Wednesday, July 25, 2012

Fetishism and Justification

For Karl Marx, the capitalist system conceals not only the connection between social labour and the surplus value produced by labour but also the social character of commodity production.  In this way, capitalism alienates the labourers from their products, their self-representations, and it establishes the “fetishism of commodities” in which “the social character of labour appears to us to be an objective character of the products themselves” (Capital, vol.1).

For Marx, commodities are products of social labour, of vital labourers who are interlinked.  Commodity fetishism occurs when the perception that commodities are extensively exchangeable, barely refers to the personalities and interrelations of the actual producers in a particular mode of production.  Instead, there arises the perception that commodities are exchangeable by nature, just as the law of supply and demand appears to be a natural law of trade.

Commodities and money are exchangeable because they seem to possess innately the capacity to substitute for one another in objective and calculable proportions.  Such a general belief is a fetishism that conceals and supports capitalist exploitation and the alienation of labour.

Using Marx’s protest against alienated labour and commodity fetishism, Jose Miguez Bonino reinterprets the Pauline-Lutheran principle of “justification not by works.”

For Marx, labour both expresses and transforms the following: the integral person of the labourer, his or her relations with fellow labourers, and their interaction with nature.  Alienated labour is objectified as money and commodities, which appear to be utterly exchangeable and to possess capabilities and values on their own.  The apparently self-exchangeable nature of commodities conceals, homogenizes and deforms the particular personalities and interrelations of the labourers who produce them.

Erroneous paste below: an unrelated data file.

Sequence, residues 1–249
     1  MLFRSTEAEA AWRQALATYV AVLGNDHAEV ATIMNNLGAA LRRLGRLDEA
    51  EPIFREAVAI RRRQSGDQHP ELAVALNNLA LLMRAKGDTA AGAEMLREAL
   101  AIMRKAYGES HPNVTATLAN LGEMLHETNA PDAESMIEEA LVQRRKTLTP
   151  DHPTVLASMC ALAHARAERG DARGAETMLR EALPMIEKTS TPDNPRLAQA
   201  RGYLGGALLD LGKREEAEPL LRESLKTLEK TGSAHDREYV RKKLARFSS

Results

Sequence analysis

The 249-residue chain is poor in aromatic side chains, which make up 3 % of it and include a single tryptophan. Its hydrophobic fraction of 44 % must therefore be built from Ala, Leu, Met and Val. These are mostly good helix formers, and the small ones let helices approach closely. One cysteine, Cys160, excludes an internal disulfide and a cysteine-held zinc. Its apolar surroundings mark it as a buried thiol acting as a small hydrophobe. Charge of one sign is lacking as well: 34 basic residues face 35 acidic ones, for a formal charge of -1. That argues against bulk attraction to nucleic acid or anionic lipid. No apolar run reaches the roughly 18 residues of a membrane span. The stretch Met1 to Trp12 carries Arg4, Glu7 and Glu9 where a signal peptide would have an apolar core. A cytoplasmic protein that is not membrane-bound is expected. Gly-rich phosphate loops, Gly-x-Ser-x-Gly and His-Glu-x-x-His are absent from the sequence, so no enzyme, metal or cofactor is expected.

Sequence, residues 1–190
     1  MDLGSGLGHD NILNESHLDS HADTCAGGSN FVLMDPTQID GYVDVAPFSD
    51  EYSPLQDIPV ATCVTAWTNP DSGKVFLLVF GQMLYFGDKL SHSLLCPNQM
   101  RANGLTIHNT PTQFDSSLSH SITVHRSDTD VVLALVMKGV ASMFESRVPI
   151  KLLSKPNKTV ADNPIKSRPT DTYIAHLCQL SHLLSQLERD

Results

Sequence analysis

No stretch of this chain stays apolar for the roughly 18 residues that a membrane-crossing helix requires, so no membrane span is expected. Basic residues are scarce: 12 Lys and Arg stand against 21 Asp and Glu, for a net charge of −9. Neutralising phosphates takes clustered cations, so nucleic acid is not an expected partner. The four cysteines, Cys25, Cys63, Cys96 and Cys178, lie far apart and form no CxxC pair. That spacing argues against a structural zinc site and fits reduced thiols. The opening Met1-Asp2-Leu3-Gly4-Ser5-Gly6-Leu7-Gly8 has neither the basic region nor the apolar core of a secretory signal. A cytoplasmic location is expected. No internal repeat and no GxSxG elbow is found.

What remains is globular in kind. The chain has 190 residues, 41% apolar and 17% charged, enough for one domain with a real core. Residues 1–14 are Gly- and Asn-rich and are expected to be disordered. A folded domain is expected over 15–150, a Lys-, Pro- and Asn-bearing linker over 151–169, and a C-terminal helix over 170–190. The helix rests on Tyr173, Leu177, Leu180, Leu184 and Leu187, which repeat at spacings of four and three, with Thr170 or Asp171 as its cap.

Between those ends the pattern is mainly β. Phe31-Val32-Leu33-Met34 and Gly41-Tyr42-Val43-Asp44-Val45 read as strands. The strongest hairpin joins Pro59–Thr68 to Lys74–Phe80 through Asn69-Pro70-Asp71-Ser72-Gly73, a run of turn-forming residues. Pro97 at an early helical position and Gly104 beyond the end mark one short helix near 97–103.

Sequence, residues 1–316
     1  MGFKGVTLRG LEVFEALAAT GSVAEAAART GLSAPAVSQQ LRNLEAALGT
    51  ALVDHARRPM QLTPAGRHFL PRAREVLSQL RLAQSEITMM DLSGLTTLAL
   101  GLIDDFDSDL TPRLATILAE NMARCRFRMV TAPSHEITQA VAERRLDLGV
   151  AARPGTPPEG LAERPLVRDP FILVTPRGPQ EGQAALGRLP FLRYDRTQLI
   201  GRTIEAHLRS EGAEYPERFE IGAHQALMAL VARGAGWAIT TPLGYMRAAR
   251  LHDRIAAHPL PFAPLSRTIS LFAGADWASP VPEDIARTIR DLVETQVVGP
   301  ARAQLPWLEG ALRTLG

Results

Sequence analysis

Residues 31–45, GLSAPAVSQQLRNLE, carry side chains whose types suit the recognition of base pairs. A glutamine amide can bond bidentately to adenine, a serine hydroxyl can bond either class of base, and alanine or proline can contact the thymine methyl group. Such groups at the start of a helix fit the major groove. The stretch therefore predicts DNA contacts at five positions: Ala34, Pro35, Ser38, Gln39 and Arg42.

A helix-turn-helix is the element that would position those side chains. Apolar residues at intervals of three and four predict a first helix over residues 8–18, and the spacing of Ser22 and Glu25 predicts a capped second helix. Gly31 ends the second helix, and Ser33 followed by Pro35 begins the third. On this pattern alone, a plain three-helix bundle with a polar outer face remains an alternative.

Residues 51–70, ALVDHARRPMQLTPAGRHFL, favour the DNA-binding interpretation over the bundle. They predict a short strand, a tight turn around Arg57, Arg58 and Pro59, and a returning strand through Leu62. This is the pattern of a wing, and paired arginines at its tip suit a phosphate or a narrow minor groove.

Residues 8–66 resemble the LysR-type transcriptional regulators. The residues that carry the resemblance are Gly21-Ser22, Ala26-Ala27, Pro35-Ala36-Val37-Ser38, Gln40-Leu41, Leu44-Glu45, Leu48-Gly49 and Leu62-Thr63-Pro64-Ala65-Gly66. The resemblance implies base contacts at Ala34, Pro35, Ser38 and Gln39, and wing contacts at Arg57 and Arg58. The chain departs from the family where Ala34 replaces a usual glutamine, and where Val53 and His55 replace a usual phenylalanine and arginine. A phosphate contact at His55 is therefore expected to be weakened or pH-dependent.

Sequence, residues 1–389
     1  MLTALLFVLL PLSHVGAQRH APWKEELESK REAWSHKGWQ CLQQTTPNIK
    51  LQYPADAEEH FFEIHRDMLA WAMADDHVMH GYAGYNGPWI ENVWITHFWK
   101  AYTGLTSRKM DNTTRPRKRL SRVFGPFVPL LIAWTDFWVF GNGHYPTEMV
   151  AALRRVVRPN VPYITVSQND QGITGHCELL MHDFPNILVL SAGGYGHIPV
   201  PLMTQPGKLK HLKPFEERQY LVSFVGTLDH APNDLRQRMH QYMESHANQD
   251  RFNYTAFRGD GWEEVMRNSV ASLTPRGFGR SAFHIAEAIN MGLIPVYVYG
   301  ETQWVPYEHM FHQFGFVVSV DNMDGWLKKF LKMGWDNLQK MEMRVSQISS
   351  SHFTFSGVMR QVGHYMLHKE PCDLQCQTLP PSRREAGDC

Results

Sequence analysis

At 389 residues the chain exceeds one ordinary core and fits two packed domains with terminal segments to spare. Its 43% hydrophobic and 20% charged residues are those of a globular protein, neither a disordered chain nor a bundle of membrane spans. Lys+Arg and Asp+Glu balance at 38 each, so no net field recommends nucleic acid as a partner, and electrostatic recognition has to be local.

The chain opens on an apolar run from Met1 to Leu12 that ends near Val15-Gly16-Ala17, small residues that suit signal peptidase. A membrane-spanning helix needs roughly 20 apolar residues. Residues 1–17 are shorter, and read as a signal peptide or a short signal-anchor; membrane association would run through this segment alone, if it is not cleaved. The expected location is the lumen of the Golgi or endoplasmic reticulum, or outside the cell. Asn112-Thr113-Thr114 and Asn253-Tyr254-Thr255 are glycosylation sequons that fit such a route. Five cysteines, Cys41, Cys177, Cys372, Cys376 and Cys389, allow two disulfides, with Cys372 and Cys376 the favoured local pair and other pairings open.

In justification through works, the religious practices become valuable in themselves, and they conceal from their performers the real status of their relationships with God and neighbour.

Self-justifying works are like commodities, they become calculable and impersonal objects.  These works earn calculable merits that oblige God to render in return the equivalent grace or justification.  The interaction of the votary with God is depersonalized and deformed into an exchange relationship.

Those justified by objective “works of the law” boast of their own worth or of their grasp of God’s will (cf Romans 2:17-20; 3:27-28).  They are like buyers who boast of the bargains they are able to buy, or like moneyed and mighty exploiters who boast of their money and might.

A true work of faith is done apart from the care over calculation and reward.  It is a genuine good work, whose value is inalienable from the personality and fidelity of the doer.  And the true work of faith necessarily personalizes the doer into a divine work of love for the neighbour.

For Miguez, justification is not an inward but an integral reality, just as faith, as both gift and response, is not merely psychical or intellectual but integral, a unity of belief and practice.  Justification is God’s gift through the mediation of Christ.

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